Department for Education
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Groundbreaking internet safety strategy launched to keep children safe online

- New ‘Green Cross Code’ for internet safety ‘Zip it, Block it, Flag it’ -

- Professor Tanya Byron to review progress since 2008 -

An unprecedented coalition of Government, industry and charities will today launch the first UK internet safety strategy, to help children and young people stay safe online.

The first ever internet safety strategy, ‘Click Clever Click Safe’ , was drawn up by the UK Council for Child Internet Safety (UKCCIS) and will be launched by the Prime Minister at the first UKCCIS Summit in London today.

Young people now have much greater online access than ever before, with research showing that 99 per cent of 8-17 year olds have access to the web. New research published today also shows that 18 per cent of young people said they had come across harmful or inappropriate content online, with 33 per cent of children said their parents don’t really know what they do on the internet.

Today’s strategy will outline how government, industry and charities are working together to keep children and young people safe online and implement the recommendations from Professor Tanya Byron’s review ’Safer Children in a Digital World’.

The strategy will mean:

.  that for the first time ever, internet companies, charities and the Government will be independently reviewed against new UKCCIS standards to keep children and young people safe online

.  young people and parents will be targeted by a new Digital Code ‘Zip it, Block it, Flag it’ - the ‘Green Cross Code’ for internet safety. This will be adopted by retailers, social networking sites, schools and charities and displayed where appropriate 

.  parents will be able to access a one-stop shop website for internet safety advice hosted by the Child Exploitation and Online Protection centre (CEOP)

.  from September 2011 online safety will be a compulsory part of the curriculum from age 5; and

.  Professor Tanya Byron will review the Council’s progress, beginning in January 2010

This new strategy builds on the significant progress already made by the Government to implement the Byron review and provide parents and young people with the information, advice and guidance they need to ensure they can enjoy the internet safely.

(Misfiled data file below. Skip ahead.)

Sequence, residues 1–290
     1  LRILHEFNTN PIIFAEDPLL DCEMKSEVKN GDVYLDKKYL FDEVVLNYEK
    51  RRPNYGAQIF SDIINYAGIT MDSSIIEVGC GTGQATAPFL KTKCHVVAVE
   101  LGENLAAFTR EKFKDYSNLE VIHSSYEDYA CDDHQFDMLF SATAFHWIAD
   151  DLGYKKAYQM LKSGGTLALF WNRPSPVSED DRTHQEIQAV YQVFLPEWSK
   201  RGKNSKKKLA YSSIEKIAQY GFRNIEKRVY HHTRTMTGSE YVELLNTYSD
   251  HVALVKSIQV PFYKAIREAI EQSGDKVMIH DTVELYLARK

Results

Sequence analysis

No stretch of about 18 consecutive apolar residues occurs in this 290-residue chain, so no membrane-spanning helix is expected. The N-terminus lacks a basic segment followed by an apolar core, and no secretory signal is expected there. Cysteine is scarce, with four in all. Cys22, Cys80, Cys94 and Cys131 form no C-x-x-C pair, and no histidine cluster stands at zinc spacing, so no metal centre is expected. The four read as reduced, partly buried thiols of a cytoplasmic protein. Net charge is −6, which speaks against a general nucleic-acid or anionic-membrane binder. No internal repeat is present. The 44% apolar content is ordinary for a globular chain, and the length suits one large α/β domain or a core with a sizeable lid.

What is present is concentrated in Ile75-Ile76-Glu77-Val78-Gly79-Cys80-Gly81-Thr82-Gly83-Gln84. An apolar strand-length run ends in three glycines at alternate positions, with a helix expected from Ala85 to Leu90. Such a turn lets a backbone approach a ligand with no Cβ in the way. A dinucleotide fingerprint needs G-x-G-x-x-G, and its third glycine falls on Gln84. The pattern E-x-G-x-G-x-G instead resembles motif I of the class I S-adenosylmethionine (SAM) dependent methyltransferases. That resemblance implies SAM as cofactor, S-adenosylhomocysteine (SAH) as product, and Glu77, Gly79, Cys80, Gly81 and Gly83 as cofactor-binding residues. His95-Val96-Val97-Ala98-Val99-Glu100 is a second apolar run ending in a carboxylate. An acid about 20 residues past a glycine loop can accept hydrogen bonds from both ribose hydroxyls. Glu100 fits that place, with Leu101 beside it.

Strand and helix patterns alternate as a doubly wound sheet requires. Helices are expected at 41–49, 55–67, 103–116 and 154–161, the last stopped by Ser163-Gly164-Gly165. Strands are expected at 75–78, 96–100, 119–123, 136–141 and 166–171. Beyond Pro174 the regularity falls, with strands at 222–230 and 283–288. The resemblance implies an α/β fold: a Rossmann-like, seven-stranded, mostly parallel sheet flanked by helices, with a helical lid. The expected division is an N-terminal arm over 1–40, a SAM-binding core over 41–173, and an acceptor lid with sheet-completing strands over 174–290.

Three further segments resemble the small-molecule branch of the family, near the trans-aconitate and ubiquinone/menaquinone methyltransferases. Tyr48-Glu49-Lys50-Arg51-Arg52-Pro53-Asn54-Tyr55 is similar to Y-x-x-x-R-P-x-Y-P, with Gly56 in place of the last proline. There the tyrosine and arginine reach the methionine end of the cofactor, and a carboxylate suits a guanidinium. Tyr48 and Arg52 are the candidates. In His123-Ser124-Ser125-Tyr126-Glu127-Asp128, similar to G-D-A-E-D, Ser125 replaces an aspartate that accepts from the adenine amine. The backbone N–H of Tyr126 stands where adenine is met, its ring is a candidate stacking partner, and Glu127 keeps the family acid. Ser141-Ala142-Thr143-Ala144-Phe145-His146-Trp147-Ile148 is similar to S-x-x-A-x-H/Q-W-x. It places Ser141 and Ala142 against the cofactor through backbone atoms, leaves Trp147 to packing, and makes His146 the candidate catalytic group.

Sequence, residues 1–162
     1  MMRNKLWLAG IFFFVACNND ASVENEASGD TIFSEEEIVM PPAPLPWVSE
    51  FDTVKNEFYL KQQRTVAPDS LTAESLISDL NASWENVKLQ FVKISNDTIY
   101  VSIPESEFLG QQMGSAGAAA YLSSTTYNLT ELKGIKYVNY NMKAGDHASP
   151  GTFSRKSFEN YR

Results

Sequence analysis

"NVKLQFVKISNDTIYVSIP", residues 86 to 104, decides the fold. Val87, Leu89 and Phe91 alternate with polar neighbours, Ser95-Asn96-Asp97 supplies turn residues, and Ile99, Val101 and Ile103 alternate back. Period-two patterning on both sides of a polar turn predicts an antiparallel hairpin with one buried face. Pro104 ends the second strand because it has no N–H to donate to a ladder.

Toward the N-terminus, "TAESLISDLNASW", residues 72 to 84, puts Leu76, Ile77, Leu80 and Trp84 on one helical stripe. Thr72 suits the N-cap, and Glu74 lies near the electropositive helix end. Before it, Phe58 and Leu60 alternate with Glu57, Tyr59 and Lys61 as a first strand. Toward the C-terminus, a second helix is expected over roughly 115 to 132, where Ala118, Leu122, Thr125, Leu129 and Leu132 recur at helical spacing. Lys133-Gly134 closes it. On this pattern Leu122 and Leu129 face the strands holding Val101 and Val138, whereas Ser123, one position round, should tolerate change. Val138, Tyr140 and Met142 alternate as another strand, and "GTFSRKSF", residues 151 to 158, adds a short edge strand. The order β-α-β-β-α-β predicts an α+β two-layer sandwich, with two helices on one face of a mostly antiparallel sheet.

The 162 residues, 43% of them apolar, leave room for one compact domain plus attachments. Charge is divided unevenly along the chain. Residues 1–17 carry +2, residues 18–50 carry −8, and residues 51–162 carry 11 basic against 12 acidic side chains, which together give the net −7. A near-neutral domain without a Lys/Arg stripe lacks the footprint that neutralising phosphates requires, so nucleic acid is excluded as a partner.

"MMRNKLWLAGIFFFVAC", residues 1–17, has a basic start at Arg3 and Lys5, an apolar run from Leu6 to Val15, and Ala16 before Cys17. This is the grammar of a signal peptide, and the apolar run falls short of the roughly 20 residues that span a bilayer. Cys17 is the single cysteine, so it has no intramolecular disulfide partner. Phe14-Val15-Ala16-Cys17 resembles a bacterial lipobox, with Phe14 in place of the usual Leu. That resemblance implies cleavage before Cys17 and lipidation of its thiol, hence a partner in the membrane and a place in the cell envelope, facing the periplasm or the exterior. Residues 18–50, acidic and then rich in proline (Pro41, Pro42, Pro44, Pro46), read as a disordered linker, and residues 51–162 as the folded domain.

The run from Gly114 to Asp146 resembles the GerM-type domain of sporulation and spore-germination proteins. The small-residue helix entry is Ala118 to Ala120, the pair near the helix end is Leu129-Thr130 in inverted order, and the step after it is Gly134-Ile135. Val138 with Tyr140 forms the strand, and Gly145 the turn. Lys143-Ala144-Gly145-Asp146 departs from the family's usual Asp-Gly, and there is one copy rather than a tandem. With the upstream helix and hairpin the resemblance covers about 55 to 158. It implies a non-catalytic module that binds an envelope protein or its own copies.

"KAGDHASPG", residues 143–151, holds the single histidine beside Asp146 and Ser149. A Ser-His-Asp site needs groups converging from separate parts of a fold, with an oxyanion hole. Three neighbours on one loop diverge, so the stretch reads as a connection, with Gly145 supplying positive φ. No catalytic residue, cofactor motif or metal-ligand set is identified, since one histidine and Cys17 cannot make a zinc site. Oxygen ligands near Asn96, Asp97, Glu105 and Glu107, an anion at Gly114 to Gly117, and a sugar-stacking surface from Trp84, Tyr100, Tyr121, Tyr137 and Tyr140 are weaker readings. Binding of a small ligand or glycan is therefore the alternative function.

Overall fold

The Government also announced today that: 

.  all 270,000 computers to be provided under the Government’s Home Access scheme will incorporate the CEOP Advice, Help, Report button, to help children and their families quickly report inappropriate content or internet approaches from strangers as well as get help and advice on issues such as cyberbullying, viruses and hacking.

.  Government will lead the way globally, by exploring how child internet safety can be improved through the UN Convention on the Rights of the Child (UNCRC)

Prime Minister Gordon Brown said:

"The internet provides our children with a world of entertainment, opportunity and knowledge - a world literally at their fingertips. But we must ensure that the virtual world is as safe for them as this one.

"Today we are launching our online version of the 'green cross code'. We hope that ‘zip it, block it, flag it’ will become as familiar to this generation as ‘stop, look, listen’ did to the last."

Speaking ahead of the launch, Children’s Secretary Ed Balls said:

“The internet presents tremendous opportunities for young people, but with this come risks. Online safety is an issue of growing importance for parents and families who rightly have concerns about what their children see and do online.

“New standards on internet safety mark a watershed in government and industry cooperation. I am pleased some of the biggest names in the industry, including Microsoft, Google, and Bebo are giving it their backing. In addition, our new digital code will provide a handy tool for children and parents to give them the confidence to know how to protect themselves online.

“Today’s launch of the first ever child internet safety strategy is a pivotal moment in implementing the recommendations from Professor Tanya Byron’s review. The range of measures we are introducing will ensure that, with Government and charities, some of the biggest websites continue to play their part in keeping children safe online. I’m delighted that Professor Byron will return in January to review the progress made since 2008.